PARIS, France – The French Open has been postponed due to the coronavirus pandemic and will take place from September 20 to October 4, organizers said Tuesday, March 17 (Wednesday, March 18, Philippine time).
The Grand Slam event was to have taken place from May 24 to June 7, but organizers said: “The current confinement measures have made it impossible for us to continue with our preparations and, as a result, we are unable to hold the tournament on the dates originally planned.”
The new dates would mean the tournament would start just one week after the US Open, if that event remains in its scheduled slot.
“The whole world is affected by the public health crisis connected with COVID-19. In order to ensure the health and safety of everyone involved in organizing the tournament, the French Tennis Federation has made the decision to hold the 2020 edition of Roland Garros from 20th September to 4th October 2020,” read a statement.
“In order to act responsibly and protect the health of its employees, service providers and suppliers during the organization period, the FFT has chosen the only option that will allow them to maintain the 2020 edition of the tournament while joining the fight against COVID-19.”
European countries moved into near total lockdown on Tuesday in a bid to halt the rapid spread of the deadly coronavirus, with citizens across France ordered to remain indoors after President Emmanuel Macron declared a war on the outbreak.
FFT president Bernard Giudicelli said: “We have made a difficult yet brave decision in this unprecedented situation, which has evolved greatly since last weekend. We are acting responsibly, and must work together in the fight to ensure everybody’s health and safety.”
The revised dates will leave players contesting a clay-court Grand Slam in the middle of the traditional hard-court season, with limited opportunities to adjust to the slower surface.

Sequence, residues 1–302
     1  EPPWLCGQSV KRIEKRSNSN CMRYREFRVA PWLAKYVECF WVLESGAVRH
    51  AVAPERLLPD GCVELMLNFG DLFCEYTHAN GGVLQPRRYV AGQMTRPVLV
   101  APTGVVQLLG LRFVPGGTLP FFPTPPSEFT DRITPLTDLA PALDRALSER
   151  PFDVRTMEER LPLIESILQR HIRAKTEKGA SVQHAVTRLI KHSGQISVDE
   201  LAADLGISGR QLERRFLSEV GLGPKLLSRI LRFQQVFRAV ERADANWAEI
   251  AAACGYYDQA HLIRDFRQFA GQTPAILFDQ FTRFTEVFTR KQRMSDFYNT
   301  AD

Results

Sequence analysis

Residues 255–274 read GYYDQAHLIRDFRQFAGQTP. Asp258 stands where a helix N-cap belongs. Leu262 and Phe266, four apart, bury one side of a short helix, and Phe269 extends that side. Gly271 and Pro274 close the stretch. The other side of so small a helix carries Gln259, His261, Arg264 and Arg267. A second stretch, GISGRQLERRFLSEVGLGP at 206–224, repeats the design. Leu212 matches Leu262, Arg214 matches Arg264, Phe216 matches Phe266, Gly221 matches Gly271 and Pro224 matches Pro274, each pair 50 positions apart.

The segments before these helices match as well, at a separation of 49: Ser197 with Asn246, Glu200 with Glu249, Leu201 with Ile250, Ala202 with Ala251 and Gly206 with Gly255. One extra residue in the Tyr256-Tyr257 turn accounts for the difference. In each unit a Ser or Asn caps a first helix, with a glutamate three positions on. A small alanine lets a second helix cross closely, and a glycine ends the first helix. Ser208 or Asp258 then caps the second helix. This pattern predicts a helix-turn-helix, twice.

Roland Garros will also now clash with a number of tournaments, including the Laver Cup in Boston, where Europe’s top players will take on a World team. Roger Federer has already committed to the event.
‘This is madness’
The decision from the FFT attracted strong criticism from Canada’s Vasek Pospisil, a member of the ATP player council.
“This is madness. Major announcement by Roland Garros changing the dates to one week after the US. Open. No communication with the players or the ATP… we have ZERO say in this sport,” tweeted Pospisil.
“This is such a difficult time. Everyone is being impacted by this catastrophe. Enhancing communication & working together to find solutions should be the priority. Not going Rogue & making selfish/arrogant decisions to further impact the tour in a negative way.”
The move also caught WTA chief Steve Simon by surprise, as well as former US and Australian Open champion Naomi Osaka.
“Excusez moi???” tweeted Osaka, while Romania’s Sorana Cirstea took issue with the method of communication. “What??? Again finding out through twitter…” she wrote.
Earlier this month, the joint men’s and women’s tournament at Indian Wells became the first major tennis event to fall victim to the coronavirus outbreak, when it was cancelled on March 8.
Last week, the ATP announced it was suspending the men’s tennis tour for six weeks “due to escalating health and safety issues” arising from spread of the virus, shortly after local officials called off the Miami Open.
All events on the ATP Tour and second-tier ATP Challenger Tour are cancelled until April 27.
The International Tennis Federation, which runs the lower tiers of the professional game as well as the junior and senior circuits, followed the ATP by announcing there would be no tournaments on any of its tours until April 20 at the earliest.
The WTA Tour said Monday it was suspending the women’s season until May 2, having already called off events in Bogota, Guadalajara and Charleston.
Next month’s Fed Cup finals in Budapest have also been postponed indefinitely.
The revamped 12-team women’s competition scheduled for April 14-19 as well as a series of playoff ties were both put on hold. – Rappler.com